Geoff Hunt spends so many of his waking hours “roaming” the downtown Waco of decades past that when he leaves his office at The Texas Collection at Baylor University most nights, he said he is startled by the “future shock” of present-day streets and shops.
Hunt, the audio and visual curator for the archives, has spent many hours looking at ancient celluloid and fragile glass negatives in preparation for his contribution to the “Waco Tornado: 60th Anniversary Lecture Series,” which continues Sunday.
During the free presentation, Hunt will highlight the work of several amateur photographers who aided professional shooters in documenting the aftermath of the Waco tornado.
Many images have never been shared with the public, Hunt said.
For students of the Waco tornado — the F5 storm that tore through downtown May 11, 1953, and killed more than 100 people — some photos have almost iconic stature — mountains of crumbled bricks, cars crushed almost to street level and great gapping holes in the skyline where thriving businesses once stood.
“For someone like Fred Gildersleeve, who spent his entire career photographing the city’s growth, it must have been especially painful to lose friends and neighbors in the storm and shoot the destruction of the city,” Hunt said.
Gildersleeve, who had chronicled Waco’s prosperity since his arrival to the area in 1905, was approaching the end of his productive years, Hunt said.
“Documenting the tornado damage was, in many ways, his swan song before his death in 1958,” Hunt said.
But for all the professionals who took pictures in those dark days following the tornado, such as Jimmie Willis (1913-98) or Windy Drum (1907-88), there were dedicated but lesser-known residents who added to the visual record of the times.
One was Fred Marlar, who in 1951 shot a series of aerials “that are an invaluable record of what the central business district looked like before the tornado,” Hunt said. The Texas Collection has more than 6,000 Marlar negatives, many of which have yet to be cataloged.
A few years ago, the family of Hiram Blaine Sherrill (1892-1980) gave his negatives of the storm to the Texas Collection. The Tennessee native documented much of the damage in East Waco, especially the schools there.
Hunt said he would welcome donations of more East Waco images of the tornado’s effects, especially on community hubs such as Paul Quinn campus, which was a thriving educational institution in the area in 1953.
“It’s not that we (the Texas Collection) are ignoring what happened in East Waco,” Hunt said. “It’s that we simply lack such images.”
The Texas Collection has a blog with photos and links called “Documenting the ‘Monster From the Skies’: Photographs Telling the Story of the 1953 Waco Tornado” (http://blogs.baylor.edu/texascollection).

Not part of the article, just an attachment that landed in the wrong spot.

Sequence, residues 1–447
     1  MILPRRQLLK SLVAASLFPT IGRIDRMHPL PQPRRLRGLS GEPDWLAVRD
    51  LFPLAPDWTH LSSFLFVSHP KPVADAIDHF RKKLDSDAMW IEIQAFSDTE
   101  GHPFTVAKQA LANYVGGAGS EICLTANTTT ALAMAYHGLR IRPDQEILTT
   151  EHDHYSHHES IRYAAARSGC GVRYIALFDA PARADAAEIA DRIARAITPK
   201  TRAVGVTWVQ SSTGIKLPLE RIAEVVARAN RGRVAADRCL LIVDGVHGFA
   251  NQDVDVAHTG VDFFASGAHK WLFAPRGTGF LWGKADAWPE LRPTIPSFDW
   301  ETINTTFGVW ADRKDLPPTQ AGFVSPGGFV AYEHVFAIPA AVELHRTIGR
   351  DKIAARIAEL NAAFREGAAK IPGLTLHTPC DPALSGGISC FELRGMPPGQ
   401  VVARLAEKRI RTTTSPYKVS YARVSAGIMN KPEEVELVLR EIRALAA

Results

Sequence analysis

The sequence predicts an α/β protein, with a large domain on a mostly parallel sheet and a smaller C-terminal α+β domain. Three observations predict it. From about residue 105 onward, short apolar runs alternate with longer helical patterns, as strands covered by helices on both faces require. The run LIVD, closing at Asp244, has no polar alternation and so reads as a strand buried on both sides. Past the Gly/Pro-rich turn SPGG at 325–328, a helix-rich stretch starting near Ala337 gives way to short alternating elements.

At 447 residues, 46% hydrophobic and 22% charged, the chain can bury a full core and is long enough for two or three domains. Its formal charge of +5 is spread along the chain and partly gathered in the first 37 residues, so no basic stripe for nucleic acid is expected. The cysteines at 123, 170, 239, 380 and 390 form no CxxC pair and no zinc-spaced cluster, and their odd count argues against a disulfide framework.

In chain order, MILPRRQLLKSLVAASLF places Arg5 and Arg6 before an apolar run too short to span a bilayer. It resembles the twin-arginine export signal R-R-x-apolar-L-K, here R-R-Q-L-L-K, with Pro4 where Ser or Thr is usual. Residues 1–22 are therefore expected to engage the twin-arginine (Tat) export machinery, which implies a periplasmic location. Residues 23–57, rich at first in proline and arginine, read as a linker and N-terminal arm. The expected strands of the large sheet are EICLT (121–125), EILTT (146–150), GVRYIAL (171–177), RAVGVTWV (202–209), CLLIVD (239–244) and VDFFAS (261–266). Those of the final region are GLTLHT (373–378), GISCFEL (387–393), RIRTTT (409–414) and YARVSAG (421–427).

It also has a set of nearly five dozen Flickr images (www.flickr.com/people/texascollectionbaylor/) that showcase the work of the above-named photographers, as well as Randall W. Todd, D.R. Dietrich and the Army Air Force Photography Division.
Dietrich shot aerials after the storm, giving researchers a glimpse of the aftermath, Hunt said.
Another photographer was Dr. Hannibal “Joe” Jaworski. He was a resident of the Roosevelt Hotel and kept a medical practice on the third floor of the Amicable Life Insurance Co. building at Fifth Street and Austin Avenue.
After the tornado, the former colonel in the U.S. Army Medical Corps helped to care for the injured who were brought to Hillcrest Hospital.
A lecture series about the Waco tornado of May 11, 1953, continues in the Hillcrest Conference Room of the Dr Pepper Museum, 300 S. Fifth St. It is hosted by the Waco History Project and the Dr Pepper Museum. The free, public sessions start at 2 p.m. on the following dates:
Waco’s Tornado Photographers: Geoff Hunt, curator of audio and visual artifacts for the Texas Collection at Baylor University, will discuss photographers and present samples of their work.
The Waco Tornado in Postcards and Pictures: Historians David Lintz and Wilton Lanning will present a program on the scenes of devastation from the Waco tornado that were turned into postcards or offered to the public as souvenir booklets.
After the Tornado — Disaster Relief: Milly Walker, historian at the First Presbyterian Church of Waco, will discuss the relocation efforts that took place at the church.